Thursday, August 15, 2002

An empty water bottle tumbles past, performing leaps and somersaults across the wasteland of Western Sahara. The earth too, more playful here than in more hospitable parts of the world, dances with the wind, delighting in its freedom of motion. A surprising observation of nature: when the plants are gone, dirt has a party.

Three parallel lines separate the land from the sky; a thin band of the Atlantic Ocean divides the mainland from the cape on which we stand. The ground is rocky, like an old gravel lot abandoned and forsaken. Just dirt, stones, and plastic bottles. There's no sand in this part of the desert, though it tastes the same in your mouth, scratches the same against your eyes, and accumulates the same on your clothes as you wait for a chance to get out.

Getting out is easy for the right price, but we're holding out for what might be called the wrong price; free, if we can find some other travelers who will take us. Otherwise we'll buy a ride from the Mauri with the cheapest seats.

The road is straight. Why curve, is asks. Every car pauses here for a moment to be waved past by the police. The cops are looking for spies from neighbor countries. Since they know everybody who lives less than a tank of gas away, as well as everybody who drives across the Sahara for a living, they only stop the tourists to have them fill out the guest book. Perfect place to find a ride. In fact, they're doing the work for us; they make sure to check each car heading to Mauritania. They already know how much we want to pay for different classes of vehicles, and are happy to negotiate on our behalf. We never met nicer police.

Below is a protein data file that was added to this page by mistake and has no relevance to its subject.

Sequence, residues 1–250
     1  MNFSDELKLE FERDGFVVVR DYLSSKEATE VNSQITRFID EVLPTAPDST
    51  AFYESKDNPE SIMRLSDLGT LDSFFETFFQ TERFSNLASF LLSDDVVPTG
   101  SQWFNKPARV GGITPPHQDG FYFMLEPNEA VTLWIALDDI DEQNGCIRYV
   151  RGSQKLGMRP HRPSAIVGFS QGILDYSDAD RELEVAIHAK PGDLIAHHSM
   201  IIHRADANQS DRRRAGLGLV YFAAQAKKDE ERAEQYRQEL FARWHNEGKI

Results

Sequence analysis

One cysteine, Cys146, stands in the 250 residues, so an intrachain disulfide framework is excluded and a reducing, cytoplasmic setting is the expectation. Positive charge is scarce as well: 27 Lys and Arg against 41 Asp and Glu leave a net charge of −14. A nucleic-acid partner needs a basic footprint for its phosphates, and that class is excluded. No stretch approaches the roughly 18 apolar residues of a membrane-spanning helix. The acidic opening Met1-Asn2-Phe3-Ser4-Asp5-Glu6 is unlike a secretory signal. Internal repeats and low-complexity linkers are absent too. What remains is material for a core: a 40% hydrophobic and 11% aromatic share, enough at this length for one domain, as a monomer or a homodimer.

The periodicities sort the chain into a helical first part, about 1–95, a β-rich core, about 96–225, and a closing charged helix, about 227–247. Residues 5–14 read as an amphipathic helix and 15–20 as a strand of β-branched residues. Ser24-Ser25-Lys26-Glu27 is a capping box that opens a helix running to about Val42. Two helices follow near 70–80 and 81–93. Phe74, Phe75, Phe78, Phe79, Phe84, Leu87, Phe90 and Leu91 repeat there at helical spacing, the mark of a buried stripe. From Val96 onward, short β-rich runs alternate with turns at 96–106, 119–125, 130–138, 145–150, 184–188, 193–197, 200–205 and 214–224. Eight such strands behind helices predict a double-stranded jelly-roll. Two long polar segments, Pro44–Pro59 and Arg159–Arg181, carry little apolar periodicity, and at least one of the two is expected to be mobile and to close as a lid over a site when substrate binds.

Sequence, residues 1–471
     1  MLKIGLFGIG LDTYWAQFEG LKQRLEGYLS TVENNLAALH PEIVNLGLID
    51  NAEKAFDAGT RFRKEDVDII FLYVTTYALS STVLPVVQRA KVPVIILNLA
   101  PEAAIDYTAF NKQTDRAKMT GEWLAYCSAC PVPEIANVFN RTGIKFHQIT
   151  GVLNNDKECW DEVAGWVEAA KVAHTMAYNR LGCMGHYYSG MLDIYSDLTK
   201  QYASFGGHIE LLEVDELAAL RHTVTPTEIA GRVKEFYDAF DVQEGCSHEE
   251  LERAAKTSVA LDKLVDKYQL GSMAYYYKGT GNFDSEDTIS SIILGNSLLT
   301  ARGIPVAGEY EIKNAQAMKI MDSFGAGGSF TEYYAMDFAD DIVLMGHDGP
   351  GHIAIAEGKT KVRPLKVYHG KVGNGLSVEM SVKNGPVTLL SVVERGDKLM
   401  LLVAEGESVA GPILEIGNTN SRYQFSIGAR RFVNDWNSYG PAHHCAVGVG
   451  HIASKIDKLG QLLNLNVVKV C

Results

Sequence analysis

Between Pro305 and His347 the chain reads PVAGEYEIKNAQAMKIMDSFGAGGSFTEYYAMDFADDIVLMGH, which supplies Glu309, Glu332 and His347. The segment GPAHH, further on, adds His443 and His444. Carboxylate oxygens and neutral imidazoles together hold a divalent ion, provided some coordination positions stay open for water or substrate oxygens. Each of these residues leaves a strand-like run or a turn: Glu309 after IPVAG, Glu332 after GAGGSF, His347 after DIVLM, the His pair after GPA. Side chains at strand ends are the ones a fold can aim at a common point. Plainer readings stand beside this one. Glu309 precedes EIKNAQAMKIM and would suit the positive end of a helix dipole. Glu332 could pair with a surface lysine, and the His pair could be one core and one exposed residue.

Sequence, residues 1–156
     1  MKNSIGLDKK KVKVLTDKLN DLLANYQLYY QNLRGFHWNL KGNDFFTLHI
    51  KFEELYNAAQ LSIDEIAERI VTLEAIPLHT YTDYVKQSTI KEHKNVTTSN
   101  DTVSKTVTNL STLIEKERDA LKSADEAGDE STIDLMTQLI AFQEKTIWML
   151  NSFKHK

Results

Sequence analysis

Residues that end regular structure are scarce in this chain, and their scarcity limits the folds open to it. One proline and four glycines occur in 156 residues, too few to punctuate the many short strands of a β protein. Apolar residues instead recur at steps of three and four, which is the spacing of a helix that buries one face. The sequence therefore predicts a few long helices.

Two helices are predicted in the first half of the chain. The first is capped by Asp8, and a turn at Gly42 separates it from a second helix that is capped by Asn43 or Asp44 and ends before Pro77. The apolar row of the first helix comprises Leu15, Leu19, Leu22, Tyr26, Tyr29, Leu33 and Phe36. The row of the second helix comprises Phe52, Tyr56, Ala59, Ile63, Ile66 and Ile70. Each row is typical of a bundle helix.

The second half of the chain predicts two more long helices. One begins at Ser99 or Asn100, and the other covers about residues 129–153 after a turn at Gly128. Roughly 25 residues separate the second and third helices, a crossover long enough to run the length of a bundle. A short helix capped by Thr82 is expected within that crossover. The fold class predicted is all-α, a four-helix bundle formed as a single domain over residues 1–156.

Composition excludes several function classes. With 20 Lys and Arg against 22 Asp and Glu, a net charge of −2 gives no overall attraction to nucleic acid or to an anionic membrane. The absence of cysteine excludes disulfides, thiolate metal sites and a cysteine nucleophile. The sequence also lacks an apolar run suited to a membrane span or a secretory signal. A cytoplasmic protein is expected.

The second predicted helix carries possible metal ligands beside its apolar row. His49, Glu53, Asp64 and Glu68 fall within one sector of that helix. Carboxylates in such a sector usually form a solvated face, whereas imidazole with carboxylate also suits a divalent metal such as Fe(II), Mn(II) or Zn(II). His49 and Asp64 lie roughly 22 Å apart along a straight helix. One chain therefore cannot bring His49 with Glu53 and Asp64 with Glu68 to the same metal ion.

"We drank too much tea earlier," says one of the khaki-clad men in French, "so we forgot to offer you any." He hands us each a small glass of Moroccan tea, explaining that this is a "pays de paix" -- a country of peace. Juliette translates to me, smiling at the irony of the statement coming from these men with guns who protect a military base which was established to defend a recent occupation of the land.

He pulls my notebook out of my hand playfully, and begins reading aloud. His pronunciation is bad and his comprehension even worse, but it reminds me to be careful what I write, just in case. But really, they're the friendliest police I ever met; they even showed us how to tie proper turbans to protect from the wind and sand.

"Here, we get to know everything that goes on in this town," Juliette observes about our vantage point. And since it's the only town for a day in any direction, we pretty much know what's going on in half of Morocco.

So we sit and learn. Against the wall the wind isn't so bad. We meet a few pairs of tourists arriving in buses, and ask them to keep us in mind to share the cost of hiring a vehicle.

Waiting is no problem; we've done it before, in worse conditions and for longer times. Actually, it's a nice rest after this morning's hectic activity.